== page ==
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As the United States faced an Arctic front this week with more than 70 percent of Americans enduring below freezing temperatures, many home medical equipment providers were again tasked with caring for patients in extreme weather conditions. Here’s a pair of updates from AAHomecare members in Wisconsin on the special challenges associated with providing HME when the thermometer readings dive below zero. 


 
HME Home Medical –Green Bay, Manitowoc, and Sheboygan, Wisconsin

(Temperatures in Manitowoc on January 31 were -20 degrees and in the northern part of the company’s service area there were wind chills above -50.)
 
Executive Director Jim Murray explained, “Since HME Home Medical is primarily a rural provider (even though CMS doesn't recognize us as such) I can tell you without question, delivering DME during the winter months adds considerable cost to our infrastructure. In no particular order, here are some of the challenges that I am sure many providers will echo:
•    Increased cost of heating our 3 locations. In Wisconsin, it was -25 last night with a daytime high temp of -7. It is warmer in Antarctica today than Wisconsin!
•    Increased risk involved in the work. Ever slip on the ice? Ever slip on the ice while carrying a 40lb. piece of home care bed frame? HME currently has 6 DME Service Techs. 1 is out with a work-related injury and 2 more are nursing strains. All of which occurred due to winter challenges.
•    Increased time to do everything we do. Whether it is due to driving slower (delivery techs) on snow covered roads, or CPAP patients showing late for their appointments, or warehouse people unloading a truck, everything we do in the winter months takes longer than spring-fall. This time is added expense.
•    Lost work time. Our 3 branch operations were essentially closed just two days ago on 1/28/19 due to a heavy snow storm. These types of storms are limited each winter season, but you could estimate 1-3 bad storms per winter. Last April, when flowers and grass were starting to grow in states just to the south of Wisconsin; in Green Bay a blizzard dropped 30” of snow… Lost revenue due to process mistakes can be corrected. Lost revenue due to weather is revenue lost forever. Right now, we are evaluating exactly how many billable days we will have in the next fiscal year so that we can accurate forecast revenue. If we lose 2-4 days to weather and potentially countless other days effected by weather, the effect to DME’s in northern climates measures into hundreds of thousands of dollars.”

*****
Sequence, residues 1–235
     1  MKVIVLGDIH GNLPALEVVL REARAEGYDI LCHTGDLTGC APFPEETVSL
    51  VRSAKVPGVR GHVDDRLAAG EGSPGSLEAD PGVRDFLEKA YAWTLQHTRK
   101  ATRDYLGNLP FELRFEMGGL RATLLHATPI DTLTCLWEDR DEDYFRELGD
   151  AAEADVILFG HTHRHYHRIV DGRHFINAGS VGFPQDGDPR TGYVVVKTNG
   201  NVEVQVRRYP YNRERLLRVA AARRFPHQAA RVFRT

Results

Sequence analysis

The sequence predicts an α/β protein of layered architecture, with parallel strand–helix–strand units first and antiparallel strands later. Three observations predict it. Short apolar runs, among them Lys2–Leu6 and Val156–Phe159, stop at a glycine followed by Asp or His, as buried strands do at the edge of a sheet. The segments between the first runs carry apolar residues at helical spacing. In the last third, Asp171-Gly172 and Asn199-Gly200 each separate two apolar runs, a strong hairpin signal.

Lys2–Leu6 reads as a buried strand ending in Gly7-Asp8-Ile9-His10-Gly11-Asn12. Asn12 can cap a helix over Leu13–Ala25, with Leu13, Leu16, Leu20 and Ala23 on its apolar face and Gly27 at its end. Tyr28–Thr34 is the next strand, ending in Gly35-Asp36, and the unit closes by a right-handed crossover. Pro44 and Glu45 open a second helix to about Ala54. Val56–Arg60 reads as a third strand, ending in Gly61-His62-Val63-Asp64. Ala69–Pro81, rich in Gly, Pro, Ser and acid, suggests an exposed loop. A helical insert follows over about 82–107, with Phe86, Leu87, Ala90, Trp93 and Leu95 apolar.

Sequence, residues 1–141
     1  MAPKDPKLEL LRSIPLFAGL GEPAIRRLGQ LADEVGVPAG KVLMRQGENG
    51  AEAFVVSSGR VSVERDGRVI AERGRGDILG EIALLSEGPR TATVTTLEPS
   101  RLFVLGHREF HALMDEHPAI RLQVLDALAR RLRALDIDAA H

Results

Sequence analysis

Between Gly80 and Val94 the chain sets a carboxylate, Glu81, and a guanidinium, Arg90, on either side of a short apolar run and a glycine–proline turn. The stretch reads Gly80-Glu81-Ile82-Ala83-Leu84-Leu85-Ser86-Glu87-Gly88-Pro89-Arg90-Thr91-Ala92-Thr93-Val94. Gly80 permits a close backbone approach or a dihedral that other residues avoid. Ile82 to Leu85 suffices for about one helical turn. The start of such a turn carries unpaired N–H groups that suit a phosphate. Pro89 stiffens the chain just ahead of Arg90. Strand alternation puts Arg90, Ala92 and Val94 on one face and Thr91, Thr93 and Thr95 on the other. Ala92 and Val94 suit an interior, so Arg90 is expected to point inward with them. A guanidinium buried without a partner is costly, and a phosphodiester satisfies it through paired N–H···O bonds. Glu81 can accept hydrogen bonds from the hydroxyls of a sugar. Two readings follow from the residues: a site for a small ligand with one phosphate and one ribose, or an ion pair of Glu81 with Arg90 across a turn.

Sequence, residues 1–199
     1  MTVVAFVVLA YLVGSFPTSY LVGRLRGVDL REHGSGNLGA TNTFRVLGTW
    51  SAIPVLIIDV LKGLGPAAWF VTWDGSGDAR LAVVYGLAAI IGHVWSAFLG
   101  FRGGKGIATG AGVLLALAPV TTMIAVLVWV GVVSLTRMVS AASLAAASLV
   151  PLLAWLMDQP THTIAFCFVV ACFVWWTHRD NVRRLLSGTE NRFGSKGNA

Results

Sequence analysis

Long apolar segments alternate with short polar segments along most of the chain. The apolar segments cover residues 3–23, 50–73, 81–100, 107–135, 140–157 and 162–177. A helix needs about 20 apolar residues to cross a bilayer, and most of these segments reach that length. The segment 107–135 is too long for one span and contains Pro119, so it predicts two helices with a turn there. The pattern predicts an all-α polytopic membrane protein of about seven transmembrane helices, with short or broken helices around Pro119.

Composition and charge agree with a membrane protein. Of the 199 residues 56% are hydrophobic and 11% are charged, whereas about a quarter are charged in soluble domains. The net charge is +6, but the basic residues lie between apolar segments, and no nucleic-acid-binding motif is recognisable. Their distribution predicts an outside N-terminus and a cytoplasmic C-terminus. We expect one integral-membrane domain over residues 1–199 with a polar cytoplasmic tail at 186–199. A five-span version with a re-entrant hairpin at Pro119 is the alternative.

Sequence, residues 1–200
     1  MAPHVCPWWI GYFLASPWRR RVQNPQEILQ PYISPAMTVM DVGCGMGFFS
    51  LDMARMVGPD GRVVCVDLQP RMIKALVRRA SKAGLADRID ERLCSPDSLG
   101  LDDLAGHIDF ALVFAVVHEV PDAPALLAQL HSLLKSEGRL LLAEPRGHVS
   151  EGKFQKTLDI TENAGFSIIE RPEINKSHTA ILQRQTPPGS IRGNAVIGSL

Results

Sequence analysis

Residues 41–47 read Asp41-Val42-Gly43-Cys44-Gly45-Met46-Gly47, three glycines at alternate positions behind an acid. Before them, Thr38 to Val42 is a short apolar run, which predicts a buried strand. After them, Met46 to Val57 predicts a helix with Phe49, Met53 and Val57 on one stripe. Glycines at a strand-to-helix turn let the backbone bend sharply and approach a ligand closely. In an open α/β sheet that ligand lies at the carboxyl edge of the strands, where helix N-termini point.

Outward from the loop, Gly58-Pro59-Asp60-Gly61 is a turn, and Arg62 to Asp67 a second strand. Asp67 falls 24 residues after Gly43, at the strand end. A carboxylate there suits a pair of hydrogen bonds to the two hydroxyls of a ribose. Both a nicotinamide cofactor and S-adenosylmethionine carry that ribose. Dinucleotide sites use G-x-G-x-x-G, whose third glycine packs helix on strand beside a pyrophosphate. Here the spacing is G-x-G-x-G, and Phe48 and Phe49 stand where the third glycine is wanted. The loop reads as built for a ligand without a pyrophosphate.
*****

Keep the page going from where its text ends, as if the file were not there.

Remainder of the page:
Murray further added that while the winter season absolutely adds expense to their operations, it is difficult to measure.

“The Medicare DME Fee Schedule in not sustainable under the best circumstances. If HME makes very little profit delivering a bed and home oxygen concentrator in July, what possibility for sustainable profit is left in December through February? We deliver back-up tanks (1) with every O2 concentrator. We are still making deliveries in spite of the challenges with weather and safety, we just do it much slower. Further, we have approximately 500 patients with O2 in their homes, so if any of those patients call with a service issue, we have to go. So, the conversation isn’t only with new patients, because hospitals curtail patient discharge during these extreme weather events, but we still have to meet the needs of our existing patients.